If you have younger children, grandchildren, nieces or nephews I would heartily recommend this book, it is witty, lovely  and magical.

The Doll Factory

The Doll Factory by Elizabeth MacNeal

I had read many excellent reviews of The Doll Factory that I had no option but to read it for myself and make my own judgement.

From the gorgeous cover to the very last word this book had me hooked. It has an underlying sense of  unease all the way through it which MacNeal weaves like a thread of silk. You know something unpleasant is going to happen but you just can’t out your finger on what it might be.

The story opens with Silas, a thoroughly unsavoury taxidermist who collects the carcasses of dead animals which he then refreshes and brings new life too. Silas is a desperate person on many levels. We learn of his previous life in Stoke and his unrequited love affair with Flick which has only deepened his strange need to be accepted and recognised both for his work, which in his eyes is earth shatteringly good, and by society. Unfortunately for Iris, his obsessive nature quickly turns towards her.

Iris and her twin sister Rose work for the laudanum fuelled Mrs Salter at her Doll Emporium. Both sisters have physical ailments, Iris has a twisted clavicle that was caused at birth and Rose has facial scarring following an illness. You can sense the unease between the sisters, Iris feels stifled at the Emporium, whilst Rose nestles a deep rooted anger towards Iris blaming her for her disfigurement.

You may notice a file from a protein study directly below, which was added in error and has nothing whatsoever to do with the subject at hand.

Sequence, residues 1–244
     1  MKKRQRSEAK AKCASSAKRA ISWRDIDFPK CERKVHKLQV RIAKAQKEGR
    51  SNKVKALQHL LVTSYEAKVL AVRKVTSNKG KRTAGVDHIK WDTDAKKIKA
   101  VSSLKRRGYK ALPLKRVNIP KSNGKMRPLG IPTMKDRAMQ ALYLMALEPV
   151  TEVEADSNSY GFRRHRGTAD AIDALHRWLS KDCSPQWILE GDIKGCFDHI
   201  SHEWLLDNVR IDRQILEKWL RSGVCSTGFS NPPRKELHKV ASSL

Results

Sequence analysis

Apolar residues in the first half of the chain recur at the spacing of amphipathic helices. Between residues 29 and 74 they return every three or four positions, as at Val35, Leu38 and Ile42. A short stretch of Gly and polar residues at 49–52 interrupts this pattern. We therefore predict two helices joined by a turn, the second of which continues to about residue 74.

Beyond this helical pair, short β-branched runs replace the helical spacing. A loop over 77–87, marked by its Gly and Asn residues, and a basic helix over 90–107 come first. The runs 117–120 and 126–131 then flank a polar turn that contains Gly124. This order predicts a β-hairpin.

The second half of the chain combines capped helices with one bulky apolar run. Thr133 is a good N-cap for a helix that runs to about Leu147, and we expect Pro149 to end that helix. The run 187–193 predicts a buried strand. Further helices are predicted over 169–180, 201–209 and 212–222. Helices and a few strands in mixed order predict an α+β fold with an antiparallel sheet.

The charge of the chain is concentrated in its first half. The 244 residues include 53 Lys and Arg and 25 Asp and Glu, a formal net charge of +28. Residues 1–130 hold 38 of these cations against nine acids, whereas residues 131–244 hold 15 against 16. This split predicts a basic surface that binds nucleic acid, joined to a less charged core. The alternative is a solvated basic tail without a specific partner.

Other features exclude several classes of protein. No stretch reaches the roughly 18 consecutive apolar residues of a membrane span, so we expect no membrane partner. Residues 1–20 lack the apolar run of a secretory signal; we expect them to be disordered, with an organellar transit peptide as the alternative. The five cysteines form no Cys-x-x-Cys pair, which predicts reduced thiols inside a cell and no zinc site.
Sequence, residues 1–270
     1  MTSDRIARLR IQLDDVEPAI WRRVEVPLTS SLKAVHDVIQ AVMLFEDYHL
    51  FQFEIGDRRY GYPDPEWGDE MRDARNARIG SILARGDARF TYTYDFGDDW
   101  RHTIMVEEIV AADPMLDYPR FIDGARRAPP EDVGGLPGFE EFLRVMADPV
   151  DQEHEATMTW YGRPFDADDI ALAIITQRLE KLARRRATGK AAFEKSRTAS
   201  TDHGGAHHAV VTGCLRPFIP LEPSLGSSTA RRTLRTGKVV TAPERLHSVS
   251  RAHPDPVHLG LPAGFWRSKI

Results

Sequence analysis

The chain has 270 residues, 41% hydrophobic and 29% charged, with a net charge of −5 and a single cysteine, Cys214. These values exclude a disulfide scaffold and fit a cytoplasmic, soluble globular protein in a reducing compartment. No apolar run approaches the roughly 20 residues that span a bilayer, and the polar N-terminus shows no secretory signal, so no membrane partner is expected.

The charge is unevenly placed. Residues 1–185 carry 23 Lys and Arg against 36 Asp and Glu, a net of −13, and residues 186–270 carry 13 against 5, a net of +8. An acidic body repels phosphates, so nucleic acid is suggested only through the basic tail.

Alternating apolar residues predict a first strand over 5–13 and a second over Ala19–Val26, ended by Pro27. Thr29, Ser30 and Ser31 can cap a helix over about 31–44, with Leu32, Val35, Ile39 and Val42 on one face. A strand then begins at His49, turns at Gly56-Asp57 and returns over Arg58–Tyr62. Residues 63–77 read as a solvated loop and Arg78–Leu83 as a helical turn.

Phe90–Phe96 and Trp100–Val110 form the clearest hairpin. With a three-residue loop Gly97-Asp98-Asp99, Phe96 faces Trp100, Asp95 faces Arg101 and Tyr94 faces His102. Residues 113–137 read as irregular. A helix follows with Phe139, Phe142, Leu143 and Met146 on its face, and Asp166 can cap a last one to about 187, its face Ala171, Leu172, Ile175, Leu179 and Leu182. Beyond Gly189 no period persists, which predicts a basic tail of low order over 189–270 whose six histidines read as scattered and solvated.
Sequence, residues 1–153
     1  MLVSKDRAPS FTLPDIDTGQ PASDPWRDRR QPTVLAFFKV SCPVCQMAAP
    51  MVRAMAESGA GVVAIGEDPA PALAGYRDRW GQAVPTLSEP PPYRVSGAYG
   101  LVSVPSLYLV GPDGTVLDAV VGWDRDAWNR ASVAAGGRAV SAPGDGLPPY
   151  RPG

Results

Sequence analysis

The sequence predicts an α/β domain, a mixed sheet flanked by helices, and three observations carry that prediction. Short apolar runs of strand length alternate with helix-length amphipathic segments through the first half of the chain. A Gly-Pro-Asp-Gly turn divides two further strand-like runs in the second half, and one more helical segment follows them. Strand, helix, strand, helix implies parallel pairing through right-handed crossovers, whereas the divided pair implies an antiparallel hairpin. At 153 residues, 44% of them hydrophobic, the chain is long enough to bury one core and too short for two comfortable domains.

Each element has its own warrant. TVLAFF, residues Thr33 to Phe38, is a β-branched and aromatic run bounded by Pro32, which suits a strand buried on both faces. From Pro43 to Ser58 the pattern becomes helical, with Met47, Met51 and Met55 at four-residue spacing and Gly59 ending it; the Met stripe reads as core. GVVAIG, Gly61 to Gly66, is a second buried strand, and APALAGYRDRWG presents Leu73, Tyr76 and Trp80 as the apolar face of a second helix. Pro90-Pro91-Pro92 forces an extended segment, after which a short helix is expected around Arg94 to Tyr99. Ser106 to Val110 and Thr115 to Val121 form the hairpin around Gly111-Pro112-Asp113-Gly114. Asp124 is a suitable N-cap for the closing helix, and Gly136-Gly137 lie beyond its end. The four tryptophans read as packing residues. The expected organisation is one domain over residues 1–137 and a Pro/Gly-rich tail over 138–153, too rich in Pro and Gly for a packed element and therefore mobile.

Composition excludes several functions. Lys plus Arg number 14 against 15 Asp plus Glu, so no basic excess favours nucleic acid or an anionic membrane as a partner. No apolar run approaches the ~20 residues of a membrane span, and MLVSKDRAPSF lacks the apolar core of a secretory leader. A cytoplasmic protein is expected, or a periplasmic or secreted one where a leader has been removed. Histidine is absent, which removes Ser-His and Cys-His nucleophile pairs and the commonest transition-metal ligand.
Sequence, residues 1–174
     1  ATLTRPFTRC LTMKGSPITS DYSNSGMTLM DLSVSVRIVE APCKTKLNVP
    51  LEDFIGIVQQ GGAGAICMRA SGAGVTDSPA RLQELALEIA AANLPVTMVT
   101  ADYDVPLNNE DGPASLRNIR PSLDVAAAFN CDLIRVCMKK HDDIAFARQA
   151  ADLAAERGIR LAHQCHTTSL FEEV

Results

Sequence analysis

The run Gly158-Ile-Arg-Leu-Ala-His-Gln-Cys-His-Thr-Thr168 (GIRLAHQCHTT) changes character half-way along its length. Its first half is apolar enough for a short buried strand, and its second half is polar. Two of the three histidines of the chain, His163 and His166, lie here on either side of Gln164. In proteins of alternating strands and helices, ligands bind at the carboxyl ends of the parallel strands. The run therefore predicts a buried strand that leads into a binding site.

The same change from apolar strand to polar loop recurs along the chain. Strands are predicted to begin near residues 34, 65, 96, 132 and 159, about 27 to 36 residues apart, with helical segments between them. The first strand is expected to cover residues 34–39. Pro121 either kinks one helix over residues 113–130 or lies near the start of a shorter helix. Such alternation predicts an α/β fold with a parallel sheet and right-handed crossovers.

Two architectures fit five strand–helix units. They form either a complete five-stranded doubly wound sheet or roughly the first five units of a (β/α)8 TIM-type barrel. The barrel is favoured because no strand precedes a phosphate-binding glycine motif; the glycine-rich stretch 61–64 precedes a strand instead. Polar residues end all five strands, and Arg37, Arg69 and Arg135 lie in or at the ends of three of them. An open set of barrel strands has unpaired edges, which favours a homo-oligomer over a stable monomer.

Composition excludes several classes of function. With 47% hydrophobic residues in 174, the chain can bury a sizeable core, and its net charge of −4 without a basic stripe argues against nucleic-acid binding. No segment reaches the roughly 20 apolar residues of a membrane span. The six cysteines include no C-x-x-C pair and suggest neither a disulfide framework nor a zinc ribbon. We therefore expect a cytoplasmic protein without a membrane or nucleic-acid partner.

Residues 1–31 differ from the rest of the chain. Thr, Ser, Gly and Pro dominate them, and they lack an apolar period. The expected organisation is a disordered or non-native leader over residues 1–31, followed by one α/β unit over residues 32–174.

When Iris meets artist Louis she seizes the opportunity to become his muse, in exchange for painting lessons. The very thought of an unmarried women taking this path was shocking to victorian society and Iris knew that by doing so she would be ostracising herself from her family and abandoning her sister to cope alone. But MacNeal makes Iris a strong and spirited young woman who is not scared to challenge society. The relationship between pupil and teacher quickly turns to love, but it is an honest love that vindicates Iris for the decisions she has made.

Then we have Albie, a loveable street urchin who provides Silas with his specimens for a few bob a time. He lives with his sister in unpleasant surroundings but he would do anything to protect her, even if it means taking a beating or placing others at risk. Albie just wants to belong but in a different way to Silas. Albie wants to be loved and he has plenty of love to give in return. He is the linking character that connects Silas to Iris and Rose to Louis.

There is so much more going on in this book than I can mention here but all in all this is a story that sucks you in and drags you deeper and deeper  in to the formidable London that MacNeal has deftly created.

It is a compelling story set against the back drop of The Great Exhibition. It questions women’s role in society and puts the spotlight on love, art and family.

I would recommend this book to anyone, for a debut novel it is nothing short of genius.